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Will Rogers also used to say, “Don’t wait to buy land, buy land and wait.” Many of our clients are motivated to build a legacy for the next generation through the purchase of a farm or ranch that is less “liquid” of an asset than other investments. Patience, land improvement, long-term appreciation, and the cyclical nature of real estate all serve to educate the next generation’s investment principles. Having wealth “tied to the land” brings mature balance to a youthful worldview that is accustomed to instant gratification.

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IX Ranch Featured in December 2017 Issue of Western Horseman

We were thrilled with the feature story in the December 2017 issue of Western Horseman profiling IX Ranch.  The IX Ranch is a legacy ranch – it is huge, has a long history of stable ownership and a respected reputation in reputation ranch country.  Its central Montana location is 80 miles northeast of Great Falls and adjacent to the town of Big Sandy. The current owners are the second owners in the ranch’s 128-year history. To read the full story, click the image below.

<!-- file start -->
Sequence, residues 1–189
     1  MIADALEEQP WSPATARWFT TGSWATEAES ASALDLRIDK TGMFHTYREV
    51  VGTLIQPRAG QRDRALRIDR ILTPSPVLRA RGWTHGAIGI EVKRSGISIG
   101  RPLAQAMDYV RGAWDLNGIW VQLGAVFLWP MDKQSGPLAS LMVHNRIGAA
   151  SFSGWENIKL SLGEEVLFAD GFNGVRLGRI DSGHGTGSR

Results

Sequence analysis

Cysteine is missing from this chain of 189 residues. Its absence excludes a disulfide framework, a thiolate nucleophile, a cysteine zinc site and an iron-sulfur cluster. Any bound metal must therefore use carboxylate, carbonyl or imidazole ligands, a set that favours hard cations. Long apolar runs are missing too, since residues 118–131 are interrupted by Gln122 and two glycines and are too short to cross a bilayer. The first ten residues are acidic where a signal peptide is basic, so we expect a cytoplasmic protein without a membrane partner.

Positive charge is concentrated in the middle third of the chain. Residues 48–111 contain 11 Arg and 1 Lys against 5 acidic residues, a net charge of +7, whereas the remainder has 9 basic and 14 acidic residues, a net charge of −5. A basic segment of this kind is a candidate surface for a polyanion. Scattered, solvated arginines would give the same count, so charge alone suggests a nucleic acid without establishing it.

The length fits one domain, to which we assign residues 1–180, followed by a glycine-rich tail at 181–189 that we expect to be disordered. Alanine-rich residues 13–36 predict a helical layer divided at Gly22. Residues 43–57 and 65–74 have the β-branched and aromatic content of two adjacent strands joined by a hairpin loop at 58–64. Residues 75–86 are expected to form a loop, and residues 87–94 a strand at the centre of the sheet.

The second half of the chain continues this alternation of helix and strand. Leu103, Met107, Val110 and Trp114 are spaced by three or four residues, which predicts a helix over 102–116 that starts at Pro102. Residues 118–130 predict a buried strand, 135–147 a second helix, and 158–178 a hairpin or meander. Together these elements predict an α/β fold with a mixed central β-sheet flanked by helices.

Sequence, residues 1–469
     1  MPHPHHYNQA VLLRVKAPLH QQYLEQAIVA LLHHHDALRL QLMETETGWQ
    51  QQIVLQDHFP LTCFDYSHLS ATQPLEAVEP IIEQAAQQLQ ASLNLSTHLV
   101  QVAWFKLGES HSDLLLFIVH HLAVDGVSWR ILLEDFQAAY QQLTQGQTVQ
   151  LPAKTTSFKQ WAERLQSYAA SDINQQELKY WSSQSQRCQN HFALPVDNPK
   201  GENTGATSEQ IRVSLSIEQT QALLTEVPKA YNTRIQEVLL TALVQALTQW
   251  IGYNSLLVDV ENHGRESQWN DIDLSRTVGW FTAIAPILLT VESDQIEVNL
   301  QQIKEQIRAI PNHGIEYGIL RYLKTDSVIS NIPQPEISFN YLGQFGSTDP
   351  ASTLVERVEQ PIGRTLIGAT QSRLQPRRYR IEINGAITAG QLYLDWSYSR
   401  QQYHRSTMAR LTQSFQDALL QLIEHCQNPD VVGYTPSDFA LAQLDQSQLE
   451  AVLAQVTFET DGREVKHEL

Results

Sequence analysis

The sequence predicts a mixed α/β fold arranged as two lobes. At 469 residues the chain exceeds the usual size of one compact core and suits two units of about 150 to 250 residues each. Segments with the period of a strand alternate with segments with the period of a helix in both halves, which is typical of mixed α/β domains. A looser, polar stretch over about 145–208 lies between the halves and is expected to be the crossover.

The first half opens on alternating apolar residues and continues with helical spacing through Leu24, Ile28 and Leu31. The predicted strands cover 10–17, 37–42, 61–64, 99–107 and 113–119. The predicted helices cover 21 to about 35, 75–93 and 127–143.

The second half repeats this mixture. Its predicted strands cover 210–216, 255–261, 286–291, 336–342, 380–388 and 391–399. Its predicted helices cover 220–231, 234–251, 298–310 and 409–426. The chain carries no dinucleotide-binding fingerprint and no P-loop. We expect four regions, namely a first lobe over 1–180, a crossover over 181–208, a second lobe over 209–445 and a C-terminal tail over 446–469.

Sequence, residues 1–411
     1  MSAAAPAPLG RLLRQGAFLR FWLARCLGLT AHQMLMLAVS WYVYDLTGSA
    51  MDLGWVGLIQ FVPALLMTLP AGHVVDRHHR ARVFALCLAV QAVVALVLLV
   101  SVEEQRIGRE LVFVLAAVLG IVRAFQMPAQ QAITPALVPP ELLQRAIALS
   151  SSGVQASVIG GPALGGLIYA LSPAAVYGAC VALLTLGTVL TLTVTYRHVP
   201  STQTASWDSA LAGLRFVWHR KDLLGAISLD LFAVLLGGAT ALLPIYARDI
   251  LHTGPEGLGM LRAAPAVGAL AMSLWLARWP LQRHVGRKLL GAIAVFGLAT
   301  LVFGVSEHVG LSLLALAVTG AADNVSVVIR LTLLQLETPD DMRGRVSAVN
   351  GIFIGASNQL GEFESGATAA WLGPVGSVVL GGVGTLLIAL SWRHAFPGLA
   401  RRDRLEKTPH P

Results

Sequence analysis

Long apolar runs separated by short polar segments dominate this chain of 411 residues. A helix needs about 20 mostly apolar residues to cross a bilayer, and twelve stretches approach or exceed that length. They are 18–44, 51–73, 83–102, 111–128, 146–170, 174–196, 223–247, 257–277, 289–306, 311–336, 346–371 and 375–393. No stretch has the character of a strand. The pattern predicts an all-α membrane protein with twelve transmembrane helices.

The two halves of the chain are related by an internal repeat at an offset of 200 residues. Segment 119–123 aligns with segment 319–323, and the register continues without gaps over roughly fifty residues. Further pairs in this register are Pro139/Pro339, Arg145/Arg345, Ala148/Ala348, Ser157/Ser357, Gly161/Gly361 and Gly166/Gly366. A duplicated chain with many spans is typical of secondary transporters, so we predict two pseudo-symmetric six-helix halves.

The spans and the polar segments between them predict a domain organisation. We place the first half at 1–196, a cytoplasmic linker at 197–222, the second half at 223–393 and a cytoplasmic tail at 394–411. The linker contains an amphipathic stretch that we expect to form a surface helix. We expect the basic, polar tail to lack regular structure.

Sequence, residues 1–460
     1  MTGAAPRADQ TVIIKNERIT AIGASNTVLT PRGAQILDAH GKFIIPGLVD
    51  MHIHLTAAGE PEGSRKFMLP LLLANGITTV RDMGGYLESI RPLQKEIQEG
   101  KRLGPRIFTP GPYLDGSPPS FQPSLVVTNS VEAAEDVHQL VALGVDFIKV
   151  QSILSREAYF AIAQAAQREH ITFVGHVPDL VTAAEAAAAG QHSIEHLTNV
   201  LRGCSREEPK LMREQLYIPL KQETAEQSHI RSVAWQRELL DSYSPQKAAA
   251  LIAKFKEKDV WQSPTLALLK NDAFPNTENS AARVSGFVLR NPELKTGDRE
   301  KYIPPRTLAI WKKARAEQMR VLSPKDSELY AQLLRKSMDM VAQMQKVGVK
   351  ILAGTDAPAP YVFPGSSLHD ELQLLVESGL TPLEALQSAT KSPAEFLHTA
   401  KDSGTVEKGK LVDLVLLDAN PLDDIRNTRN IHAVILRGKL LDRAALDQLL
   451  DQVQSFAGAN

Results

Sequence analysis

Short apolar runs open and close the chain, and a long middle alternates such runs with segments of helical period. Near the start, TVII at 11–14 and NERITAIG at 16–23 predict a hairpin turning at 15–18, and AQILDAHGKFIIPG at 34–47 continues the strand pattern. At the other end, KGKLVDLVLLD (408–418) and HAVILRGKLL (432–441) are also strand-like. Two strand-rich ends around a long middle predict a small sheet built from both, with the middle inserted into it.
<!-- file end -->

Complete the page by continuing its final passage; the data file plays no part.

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This professionally managed operation runs a cattle herd of 4,300. They currently winter around 3,375 bred females, 120 3-year-and-younger bulls and ranch horses, together with 4,000 tons of winter feed. In the spring, around 650 of the previous years’ heifer calves will return to the ranch for breeding from a grow-lot near Billings. The operation covers over 126,000± acres, of which 59,809± is deeded and the majority of the balance being State grazing leases. To view the official listing, click here.

Collaboration thrives at Rock Creek Ranch